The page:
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California wants schools to have a gay old time

Here's some sobering information: According to a National Election Study, 25 percent of Americans ages 18 to 24 could not identify Dick Cheney as vice president of the United States, and 63 percent of them could not find Iraq on a map of the Middle East.

That might be because 80 percent of the younger set in America does not own a world map and therefore 90 percent of them could not find Afghanistan, either.

In the face of that depressing situation, the state of California is taking action. Earlier this month, the state Senate voted 22 to 15 to prohibit textbooks or instructional materials that ''contain any matter that reflects adversely'' on persons because of their ethnicity, gender, disability, nationality, sexual orientation or religion.

In addition, the proposed law would mandate textbooks include the study of ''people who are lesbian, gay, bisexual or transgender (and who have contributed) to the economic, political and social development of California and the United States of America.''

In other words, California kids might soon be studying Gay 101.

Even liberal newspapers like the Los Angeles Times and the Sacramento Bee think this legislation is dopey. The Times lamenting that books would recount history in part through a gay and lesbian ''prism.''

The educational madness in California is part of a secular strategy to de-emphasize academic discipline in the classroom and replace it with an imposed worldview of tolerance and diversity. No longer are facts the primary focus in many public school lesson plans. Now, it's not what you know, it's how tolerant you are.

As a result, 10 percent of California high school seniors cannot pass a statewide exit exam that requires just 60 percent of the questions be answered correctly. And the student gets six tries to pass the test. Talk about tolerance.

But don't fret. A California judge, Robert Freedman, ruled the test unconstitutional because all schools are not equal, and therefore, in Freedman's view, the test is unfair to some students.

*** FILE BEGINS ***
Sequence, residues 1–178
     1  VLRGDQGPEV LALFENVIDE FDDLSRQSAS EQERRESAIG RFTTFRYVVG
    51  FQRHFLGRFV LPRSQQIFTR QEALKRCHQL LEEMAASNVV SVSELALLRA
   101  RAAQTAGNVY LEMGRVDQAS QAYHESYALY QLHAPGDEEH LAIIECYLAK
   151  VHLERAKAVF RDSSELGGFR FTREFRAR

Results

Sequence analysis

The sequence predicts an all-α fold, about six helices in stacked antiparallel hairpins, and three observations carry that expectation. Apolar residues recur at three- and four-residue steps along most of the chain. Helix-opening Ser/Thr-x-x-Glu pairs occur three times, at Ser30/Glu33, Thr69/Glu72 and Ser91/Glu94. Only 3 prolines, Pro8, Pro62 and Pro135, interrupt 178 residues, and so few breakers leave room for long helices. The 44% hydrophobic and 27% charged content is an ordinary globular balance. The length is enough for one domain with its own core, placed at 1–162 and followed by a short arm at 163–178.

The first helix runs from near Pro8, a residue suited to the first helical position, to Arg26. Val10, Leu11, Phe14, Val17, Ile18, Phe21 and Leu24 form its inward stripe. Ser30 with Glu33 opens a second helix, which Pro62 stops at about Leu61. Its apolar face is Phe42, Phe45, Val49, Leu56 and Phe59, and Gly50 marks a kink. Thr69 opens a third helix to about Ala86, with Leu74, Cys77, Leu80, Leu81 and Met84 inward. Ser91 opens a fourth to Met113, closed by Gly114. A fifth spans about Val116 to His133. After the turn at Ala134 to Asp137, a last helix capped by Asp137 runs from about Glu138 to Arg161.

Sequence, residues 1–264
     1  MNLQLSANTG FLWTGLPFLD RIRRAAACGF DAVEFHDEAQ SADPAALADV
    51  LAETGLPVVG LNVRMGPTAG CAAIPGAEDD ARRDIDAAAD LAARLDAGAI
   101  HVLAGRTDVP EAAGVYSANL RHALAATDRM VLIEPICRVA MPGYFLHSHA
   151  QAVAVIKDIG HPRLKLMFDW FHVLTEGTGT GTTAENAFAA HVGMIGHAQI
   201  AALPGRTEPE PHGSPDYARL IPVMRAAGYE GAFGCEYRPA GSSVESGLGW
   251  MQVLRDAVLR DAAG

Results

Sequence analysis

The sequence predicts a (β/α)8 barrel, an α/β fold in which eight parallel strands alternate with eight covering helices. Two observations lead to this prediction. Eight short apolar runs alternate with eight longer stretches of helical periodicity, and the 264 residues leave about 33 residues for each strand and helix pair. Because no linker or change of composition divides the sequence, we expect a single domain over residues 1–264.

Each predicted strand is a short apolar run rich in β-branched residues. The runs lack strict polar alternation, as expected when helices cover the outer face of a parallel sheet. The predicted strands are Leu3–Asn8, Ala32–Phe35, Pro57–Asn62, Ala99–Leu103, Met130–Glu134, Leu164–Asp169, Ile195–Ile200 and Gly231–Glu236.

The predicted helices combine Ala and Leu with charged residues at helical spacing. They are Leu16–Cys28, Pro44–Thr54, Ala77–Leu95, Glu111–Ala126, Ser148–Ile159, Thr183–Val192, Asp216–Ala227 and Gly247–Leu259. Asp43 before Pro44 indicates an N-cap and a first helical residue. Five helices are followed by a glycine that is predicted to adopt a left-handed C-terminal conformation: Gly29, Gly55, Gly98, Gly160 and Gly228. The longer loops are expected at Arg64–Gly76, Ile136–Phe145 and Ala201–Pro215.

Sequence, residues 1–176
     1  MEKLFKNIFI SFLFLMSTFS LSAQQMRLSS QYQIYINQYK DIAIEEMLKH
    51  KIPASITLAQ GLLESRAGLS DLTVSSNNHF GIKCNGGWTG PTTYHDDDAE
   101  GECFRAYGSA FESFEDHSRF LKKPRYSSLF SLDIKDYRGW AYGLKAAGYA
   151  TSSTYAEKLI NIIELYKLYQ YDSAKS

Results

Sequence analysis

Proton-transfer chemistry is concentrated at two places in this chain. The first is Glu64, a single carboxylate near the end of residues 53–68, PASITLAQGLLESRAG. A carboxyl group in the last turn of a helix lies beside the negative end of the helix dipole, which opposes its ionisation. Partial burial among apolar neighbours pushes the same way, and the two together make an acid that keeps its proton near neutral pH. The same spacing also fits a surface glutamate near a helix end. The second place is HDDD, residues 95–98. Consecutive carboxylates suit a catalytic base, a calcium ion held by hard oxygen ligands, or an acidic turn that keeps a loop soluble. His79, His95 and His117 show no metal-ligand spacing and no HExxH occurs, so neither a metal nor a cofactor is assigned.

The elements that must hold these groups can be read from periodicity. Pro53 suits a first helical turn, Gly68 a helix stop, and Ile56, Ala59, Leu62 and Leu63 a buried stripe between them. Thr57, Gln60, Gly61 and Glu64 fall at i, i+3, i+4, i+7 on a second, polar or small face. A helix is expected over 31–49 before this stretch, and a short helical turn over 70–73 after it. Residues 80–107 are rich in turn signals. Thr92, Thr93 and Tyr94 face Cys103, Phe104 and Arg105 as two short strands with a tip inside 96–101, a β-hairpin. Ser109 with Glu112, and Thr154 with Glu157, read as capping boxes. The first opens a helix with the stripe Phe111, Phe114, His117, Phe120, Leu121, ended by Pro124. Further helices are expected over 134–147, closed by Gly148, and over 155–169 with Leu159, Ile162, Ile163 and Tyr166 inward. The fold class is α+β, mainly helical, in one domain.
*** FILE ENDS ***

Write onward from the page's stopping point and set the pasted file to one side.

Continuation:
Since it is impossible for schools to be equal - there always will be variables like the proficiency of teachers and principals - that would mean every standardized test would flunk constitutional muster. Thankfully, the California Supreme Court recognized Freedman's lunacy and overturned his decision this week.

But Freedman and his supporters are not going to go quietly into the night. The future of America's public schools may well involve deep-sixing academics and creating a student body nourished on the achievements of homosexuals and other minorities. Was Columbus gay? If not, some California kids might never know who discovered America.

The left continues to scream about the great economic divide between wealthy Americans and everybody else. Do you think this insane school situation is going to cure that? Many affluent parents will take one look at the California public school landscape and immediately put their kid into private school. There, he or she will be forced to learn the three R's instead of the three T's: Tolerance, Totalitarianism and Total Failure.

Thus, 10 years from now, we'll have adults who know all about Liberace, but can't count. Meantime, the private school graduates will be counting all their money.

I'm sorry if this column doesn't sound tolerant. I want all good people to be respected in America. But the ''progressive'' forces running California are creating an army of young Americans that will not be able to compete in the worldwide marketplace. And that is absolutely the straight story.

Veteran TV news anchor and author Bill O'Reilly is a host on Fox News. His column appears on Friday. His "Radio Factor" can be heard weekdays from 1 to 3 p.m. on NewsTalk 1300 WIMO-AM.